Examining the Colts decision to let go Peyton Manning through Jim Irsay's words

Joey Foley

Colts owner Jim Irsay is proud of his former franchise quarterback and wishes him well.

Despite cutting him during the 2012 offseason, Colts owner Jim Irsay is thrilled for Peyton Manning's success in Denver.

The former Colt is in the midst of a major playoff run that will culminate at the Super Bowl in New Jersey on Feb. 2. Manning was able to join the Broncos after Irsay decided to cut him loose in favor of drafting Andrew Luck. Both teams have been successful, which Irsay claims is what he wanted to come out of Manning's departure from Indianapolis.

On Wednesday, he told the Indianapolis Star this was all a part of the plan:

"I just couldn't be more excited. This is what we were hoping it was going to be — a win-win situation for everybody. I'm so happy for him. We've already talked this week about getting him some extra (Super Bowl) tickets and I told him, 'You've got it, buddy. Go get 'em. Go win it.' I wish him all the best.

"I couldn't be happier because he will forever be a Colt and a part of so many years of greatness here. I'm just really rooting for him to get that second ring. That would be awesome.

"And we're obviously on track; actually we're past where we thought we would be with Andrew (Luck). If Peyton had stayed, it would have been a joke with what we could have been able to field in 2012. It would have been crazy to think we could have put a team together with Peyton.

This is not the first time that Irsay has acknowledged having no regrets about the decision to move away from Manning. He spoke about being fine with the move back in October, when the Broncos were in the midst of an incredible winning streak and putting up ridiculous offensive numbers. Irsay wanted to bring in youth to sustain success and not be handcuffed to short-term winning:

"We've changed our model a little bit, because we wanted more than one of these," Irsay said, displaying the Super Bowl XLI championship ring on his right hand.

"I think it's perfect," Irsay said. "What's happened is what Peyton and I hoped would happen. The desire was for him to get well and get to a team that has a chance to win another Super Bowl before his career ended. And our desire was to be able to transition to Andrew. To be so good so soon is stunning."

Irsay also alluded to the salary cap forcing his hand in the decision to let go of their once-franchise quarterback:

"Circumstances created this decision," Irsay says. "You have to understand there's no way this occurs if he's in Indy. It's just impossible, where our salary cap was. Having him stay at the type of number that he expected and deserved to earn and all those things."

Manning was scheduled to make a $28 million bonus before his exodus from Indianapolis. Coming off an entire missed season and a possibly career-threatening neck injury at the age of 35, it would have been a huge risk to keep Manning and pass up Luck in the draft. Had the Colts kept Manning with so many question marks and a relatively inadequate roster, Indianapolis could have been in awful shape for quite some time if he was not fully-healed from his injury. Instead, the Colts cut ties with Manning and drafted Luck with the first-overall pick.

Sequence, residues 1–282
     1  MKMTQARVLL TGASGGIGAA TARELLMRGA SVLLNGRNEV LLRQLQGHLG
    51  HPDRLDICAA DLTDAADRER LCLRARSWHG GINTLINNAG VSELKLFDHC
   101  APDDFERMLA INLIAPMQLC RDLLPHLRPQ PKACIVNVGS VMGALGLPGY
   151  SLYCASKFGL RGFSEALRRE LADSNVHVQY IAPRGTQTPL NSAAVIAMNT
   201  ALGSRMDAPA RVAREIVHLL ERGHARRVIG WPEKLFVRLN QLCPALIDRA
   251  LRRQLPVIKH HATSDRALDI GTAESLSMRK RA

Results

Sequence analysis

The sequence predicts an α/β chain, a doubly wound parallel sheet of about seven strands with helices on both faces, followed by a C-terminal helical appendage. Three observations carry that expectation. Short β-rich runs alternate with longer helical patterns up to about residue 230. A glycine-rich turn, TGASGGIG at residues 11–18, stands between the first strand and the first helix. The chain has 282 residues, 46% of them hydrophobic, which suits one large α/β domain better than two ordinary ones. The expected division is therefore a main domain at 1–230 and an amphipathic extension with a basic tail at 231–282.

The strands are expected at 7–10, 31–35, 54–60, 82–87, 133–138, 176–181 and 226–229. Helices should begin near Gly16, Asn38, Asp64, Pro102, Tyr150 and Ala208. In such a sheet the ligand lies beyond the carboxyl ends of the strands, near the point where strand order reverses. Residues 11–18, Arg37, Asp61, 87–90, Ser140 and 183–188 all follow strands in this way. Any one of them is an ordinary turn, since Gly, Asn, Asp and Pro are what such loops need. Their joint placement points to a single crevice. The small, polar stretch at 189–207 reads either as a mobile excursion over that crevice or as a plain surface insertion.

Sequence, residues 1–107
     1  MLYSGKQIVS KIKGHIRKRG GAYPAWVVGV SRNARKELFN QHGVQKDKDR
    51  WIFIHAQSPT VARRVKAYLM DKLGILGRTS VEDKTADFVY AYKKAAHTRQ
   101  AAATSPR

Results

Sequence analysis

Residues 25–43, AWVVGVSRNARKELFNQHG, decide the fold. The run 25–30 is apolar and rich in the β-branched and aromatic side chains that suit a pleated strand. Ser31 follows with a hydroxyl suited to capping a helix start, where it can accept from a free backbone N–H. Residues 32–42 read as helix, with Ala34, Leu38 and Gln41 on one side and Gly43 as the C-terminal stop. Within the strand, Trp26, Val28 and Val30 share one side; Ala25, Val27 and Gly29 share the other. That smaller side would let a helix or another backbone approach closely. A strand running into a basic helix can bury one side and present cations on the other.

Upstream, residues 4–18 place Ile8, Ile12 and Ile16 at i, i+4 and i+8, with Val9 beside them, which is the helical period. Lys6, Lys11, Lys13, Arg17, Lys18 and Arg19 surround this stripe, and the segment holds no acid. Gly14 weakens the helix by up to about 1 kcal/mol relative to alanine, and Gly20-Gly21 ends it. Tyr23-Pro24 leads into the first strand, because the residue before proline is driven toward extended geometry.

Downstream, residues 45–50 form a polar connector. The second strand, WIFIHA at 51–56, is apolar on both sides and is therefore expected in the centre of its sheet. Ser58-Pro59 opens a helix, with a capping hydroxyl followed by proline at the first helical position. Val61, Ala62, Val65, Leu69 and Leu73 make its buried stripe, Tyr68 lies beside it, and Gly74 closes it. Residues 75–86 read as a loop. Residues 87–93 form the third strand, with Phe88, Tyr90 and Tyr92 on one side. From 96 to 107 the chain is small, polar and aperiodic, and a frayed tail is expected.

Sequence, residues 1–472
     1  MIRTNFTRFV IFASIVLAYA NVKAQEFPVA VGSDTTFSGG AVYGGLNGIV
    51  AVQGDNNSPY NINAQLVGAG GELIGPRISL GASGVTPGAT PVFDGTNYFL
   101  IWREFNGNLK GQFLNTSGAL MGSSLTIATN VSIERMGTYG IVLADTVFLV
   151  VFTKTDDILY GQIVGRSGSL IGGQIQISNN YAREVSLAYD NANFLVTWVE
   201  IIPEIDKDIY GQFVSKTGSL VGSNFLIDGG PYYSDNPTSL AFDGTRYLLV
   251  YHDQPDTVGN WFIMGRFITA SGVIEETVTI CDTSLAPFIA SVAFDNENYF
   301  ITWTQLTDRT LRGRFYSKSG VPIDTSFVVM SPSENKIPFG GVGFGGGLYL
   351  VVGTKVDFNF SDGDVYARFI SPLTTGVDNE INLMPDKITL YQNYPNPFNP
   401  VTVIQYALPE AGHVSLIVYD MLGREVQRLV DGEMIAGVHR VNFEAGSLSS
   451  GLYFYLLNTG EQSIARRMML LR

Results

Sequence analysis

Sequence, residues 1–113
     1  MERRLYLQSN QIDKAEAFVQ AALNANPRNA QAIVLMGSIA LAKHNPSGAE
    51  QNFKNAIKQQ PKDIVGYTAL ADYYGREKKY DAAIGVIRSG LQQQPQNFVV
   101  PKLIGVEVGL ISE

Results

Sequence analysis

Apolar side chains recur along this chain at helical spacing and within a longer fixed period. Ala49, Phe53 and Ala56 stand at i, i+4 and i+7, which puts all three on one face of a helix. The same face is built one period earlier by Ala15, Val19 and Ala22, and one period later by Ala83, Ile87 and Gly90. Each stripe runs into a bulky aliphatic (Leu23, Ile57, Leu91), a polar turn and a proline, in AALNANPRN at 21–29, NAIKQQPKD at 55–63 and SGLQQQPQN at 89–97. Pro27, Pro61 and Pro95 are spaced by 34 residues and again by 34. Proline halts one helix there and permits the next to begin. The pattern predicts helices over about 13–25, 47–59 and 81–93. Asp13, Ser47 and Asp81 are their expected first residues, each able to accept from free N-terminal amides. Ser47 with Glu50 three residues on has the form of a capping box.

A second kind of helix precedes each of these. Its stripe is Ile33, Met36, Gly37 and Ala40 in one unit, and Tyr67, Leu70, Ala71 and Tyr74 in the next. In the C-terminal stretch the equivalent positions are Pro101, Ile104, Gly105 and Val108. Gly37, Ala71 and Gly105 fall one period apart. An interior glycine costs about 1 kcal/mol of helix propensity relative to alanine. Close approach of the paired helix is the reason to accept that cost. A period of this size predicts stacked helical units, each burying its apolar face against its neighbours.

While the move to drop Manning freed up a ton of cap space, the Colts failed to add high-priced free agents to their roster. Instead of big name veterans, then-new general manager Ryan Grigson surrounded Luck with several low-cost weapons with low expectations. The Colts re-signed veteran Reggie Wayne to a team-friendly deal before adding NFL journeymen like Mike McGlynn, Donnie Avery and Samson Satele.

Fortunately, the Colts overachieved with a solid draft class, as Luck led them to the playoffs after just a one-year absence from the postseason. Manning, who signed with the Broncos in the offseason, led Denver to the playoffs as well. Both teams were eliminated by the eventual Super Bowl champion Baltimore Ravens.

The Colts failed to use the excess salary cap again in 2013 and currently have $34 million in space for this upcoming offseason. Keeping Manning would have caused an annual struggle to maintain space. In fact, Grigson has acknowledged that Manning was one of the people who encouraged a departure for the sake of the franchise:

"He said, 'You've got to take Andrew,'" Irsay said. "'You have to. You're crazy if you don't."'

While the youth movement in Indianapolis has far exceeded expectations, the Broncos experienced the greatest single-season performance from a quarterback by Manning in 2013. The seemingly ageless passer threw for 55 touchdowns and had a career high with 5,477 passing yards. The Broncos are also the favorite to win the Super Bowl, according to OddsShark. If Denver wins, Manning could choose to stick around and try to win a third championship.

Both sides have clearly benefited from the move and that is exactly what Manning and Isray wanted. As a matter fact, this is exactly what Irsay envisioned when he said goodbye to Manning at his farewell press conference:

"I just think that as a franchise, where we are right now, with the salary cap, we're rebuilding, we're definitely a few years away. I want to see him come back and play great. There's no question about it. It's just here, like in 2001 when he was completely healthy and everything else and we didn't have everything to surround him. I want that opportunity for him as well, to succeed at the end of his career."

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